Chapter 11. Multiprocessing

You can achieve higher frame rates by processing image data on multi-CPU platforms. Each stage of the graphics pipeline process can then run as a separate process on a separate CPU. Each pipeline can handle up to five processes. Although you can construct the processes as you like, the recommended processes include three synchronous processes:

The three recommended asynchronous processes include:

This chapter describes how to use multiprocessing in the following sections:

OpenGL Performer Stages

The APP, CULL, and DRAW stages comprise the required stages of the graphic pipeline. There can be only one APP process for an application. There are, however, separate pairs of CULL and DRAW stages for each pfPipe, as shown in Figure 11-1.

Figure 11-1. OpenGL Performer Stages

OpenGL Performer Stages

You can change the default behavior of the DRAW and CULL stages using callback functions.

Optional, Asynchronous Stages

If you do not fork off separate processes for intersection testing (ISECT), I/O (DBASE), or miscellaneous calculations (COMPUTE), the calculations are performed in the APP stage and will be performed serially.

Each of the asynchronous stages perform computationally intense calculations in parallel with the required stages to improve the overall speed of image processing.


The ISECT stage calculates intersection-related information. To do that calculation, it keeps a copy of the scene graph. Consequently, this stage can use a significant amount of memory, depending on the size of the scene graph.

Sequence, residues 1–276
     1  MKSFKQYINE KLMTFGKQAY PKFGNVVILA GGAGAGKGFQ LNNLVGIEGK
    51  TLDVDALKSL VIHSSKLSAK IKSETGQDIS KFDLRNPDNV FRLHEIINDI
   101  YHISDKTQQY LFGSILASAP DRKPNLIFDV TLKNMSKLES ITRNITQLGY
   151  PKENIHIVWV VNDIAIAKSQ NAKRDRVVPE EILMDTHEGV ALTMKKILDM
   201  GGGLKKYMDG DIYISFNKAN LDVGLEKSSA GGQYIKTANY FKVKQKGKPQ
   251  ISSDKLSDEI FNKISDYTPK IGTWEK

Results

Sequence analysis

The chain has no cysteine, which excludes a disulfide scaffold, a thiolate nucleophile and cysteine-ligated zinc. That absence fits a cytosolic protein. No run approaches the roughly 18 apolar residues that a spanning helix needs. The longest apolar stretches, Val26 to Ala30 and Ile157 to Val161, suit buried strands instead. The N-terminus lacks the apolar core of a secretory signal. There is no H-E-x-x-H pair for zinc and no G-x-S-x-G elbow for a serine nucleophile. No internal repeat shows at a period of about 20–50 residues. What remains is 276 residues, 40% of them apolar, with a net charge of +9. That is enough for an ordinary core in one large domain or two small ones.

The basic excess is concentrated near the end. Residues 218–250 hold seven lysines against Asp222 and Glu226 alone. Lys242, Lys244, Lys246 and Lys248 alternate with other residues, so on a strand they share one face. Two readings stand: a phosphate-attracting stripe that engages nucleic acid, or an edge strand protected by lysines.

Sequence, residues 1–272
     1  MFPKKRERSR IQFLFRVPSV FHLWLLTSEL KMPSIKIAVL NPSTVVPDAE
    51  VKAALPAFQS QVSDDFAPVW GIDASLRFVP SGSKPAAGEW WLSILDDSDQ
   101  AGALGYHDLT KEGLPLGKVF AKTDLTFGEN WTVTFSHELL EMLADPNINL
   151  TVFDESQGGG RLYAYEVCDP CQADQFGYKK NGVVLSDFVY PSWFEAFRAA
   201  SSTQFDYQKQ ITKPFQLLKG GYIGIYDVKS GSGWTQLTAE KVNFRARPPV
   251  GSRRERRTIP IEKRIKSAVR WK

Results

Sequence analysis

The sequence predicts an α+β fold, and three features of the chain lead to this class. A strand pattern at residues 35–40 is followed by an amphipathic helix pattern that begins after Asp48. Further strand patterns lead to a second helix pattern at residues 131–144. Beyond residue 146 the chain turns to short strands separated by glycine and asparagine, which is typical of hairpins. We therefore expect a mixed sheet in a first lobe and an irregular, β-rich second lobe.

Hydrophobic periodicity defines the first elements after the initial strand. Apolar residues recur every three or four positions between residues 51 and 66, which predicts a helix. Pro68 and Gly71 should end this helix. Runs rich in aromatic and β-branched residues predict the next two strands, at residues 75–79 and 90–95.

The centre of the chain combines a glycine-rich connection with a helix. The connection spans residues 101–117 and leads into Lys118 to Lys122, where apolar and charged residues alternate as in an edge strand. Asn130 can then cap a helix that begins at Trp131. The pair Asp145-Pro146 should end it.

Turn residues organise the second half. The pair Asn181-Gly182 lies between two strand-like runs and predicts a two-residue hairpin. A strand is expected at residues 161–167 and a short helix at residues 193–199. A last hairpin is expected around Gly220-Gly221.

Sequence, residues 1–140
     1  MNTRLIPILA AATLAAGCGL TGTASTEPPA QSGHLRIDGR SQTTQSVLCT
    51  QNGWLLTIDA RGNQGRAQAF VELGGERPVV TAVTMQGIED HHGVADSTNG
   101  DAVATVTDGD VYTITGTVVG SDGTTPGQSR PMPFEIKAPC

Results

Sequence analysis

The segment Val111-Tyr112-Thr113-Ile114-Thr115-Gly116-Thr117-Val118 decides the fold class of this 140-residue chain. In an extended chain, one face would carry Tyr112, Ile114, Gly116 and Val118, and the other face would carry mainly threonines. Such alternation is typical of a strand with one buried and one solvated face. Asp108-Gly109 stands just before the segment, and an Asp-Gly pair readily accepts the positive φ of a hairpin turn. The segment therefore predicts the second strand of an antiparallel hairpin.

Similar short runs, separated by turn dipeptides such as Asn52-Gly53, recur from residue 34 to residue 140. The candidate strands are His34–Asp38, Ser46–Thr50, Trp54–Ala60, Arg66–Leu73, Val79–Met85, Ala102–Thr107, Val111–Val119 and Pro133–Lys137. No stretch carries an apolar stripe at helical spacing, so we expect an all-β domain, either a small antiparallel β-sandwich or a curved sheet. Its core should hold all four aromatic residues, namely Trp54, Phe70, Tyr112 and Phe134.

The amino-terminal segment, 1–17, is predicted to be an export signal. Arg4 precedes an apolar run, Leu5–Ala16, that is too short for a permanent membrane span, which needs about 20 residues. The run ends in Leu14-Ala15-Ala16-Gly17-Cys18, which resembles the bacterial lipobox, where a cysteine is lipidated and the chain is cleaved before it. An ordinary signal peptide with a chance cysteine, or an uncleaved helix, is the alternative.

For more information about intersection testing, see Chapter 13, “Intersection Testing”.


The DBASE stage deals with I/O issues of downloading scene graph data from the hard drive to system memory. This stage is lightweight because it does not keep a copy of the scene graph.

For more information about the DBASE process, see Chapter 12, “Database Paging”.


The COMPUTE stage is provided for general calculations. It does not contain a copy of the database, but it does contain general statistics and the number of the frame that is being processed.

When you fork off this process, pfASD is computed in this stage as is pfFlux, in addition to any calculations you place in this stage.

Benefits of Multiprocessing

Multiprocessing enables parallel processing of image data in the graphics pipeline. If each of the three stages in the graphics pipeline, (APP, CULL, and DRAW) run sequentially, and each take 16 milliseconds, each frame would require 48 milliseconds for processing. If, however, each stage is processed in parallel, the processing time for a single frame is reduced to 16 milliseconds, as shown in Figure 11-2.

Figure 11-2. Multiprocessing in the Graphics Pipeline

Multiprocessing in the Graphics Pipeline

Figure 11-2 shows that three tasks running sequentially (in the upper figure) require three times the processing time of the three tasks running in parallel (in the lower figure), each in their own process.

The shorter processing time dramatically affects the frame rate at which the application can display its images.

Shared Memory

The shared memory arena contains a copy of the frame's data that is used by each process, in the following way:

  1. After the APP process updates the frame, the process places a copy of unique data for the frame in the shared memory arena.

  2. The CULL process takes the frame from the shared memory arena, culls out data invisible to the viewer, and places a revised copy of the frame back in the shared arena memory in the form of a libpr display list for that frame.

  3. The DRAW process uses the updated frame and renders the scene to the display system.

Figure 11-3 shows how the shared memory arena is used by the different stages.

Figure 11-3. Shared Memory Arena

Shared Memory Arena

Printing Process States

pfPrintProcessState() prints a description of OpenGL Performer processes to a file. The following shows a sample printout:

Proc: APP       pid:11895
Proc: ISECT     pid:11895
Proc: DBASE     pid:11895
Proc: CLOCK     pid:11896
Proc: COMPUTE   pid:11895
Proc: SYNC      pid:0
Pipe Proc: CULL Pipes:1
        Thread Proc: CULL Pipe:0        Threads:0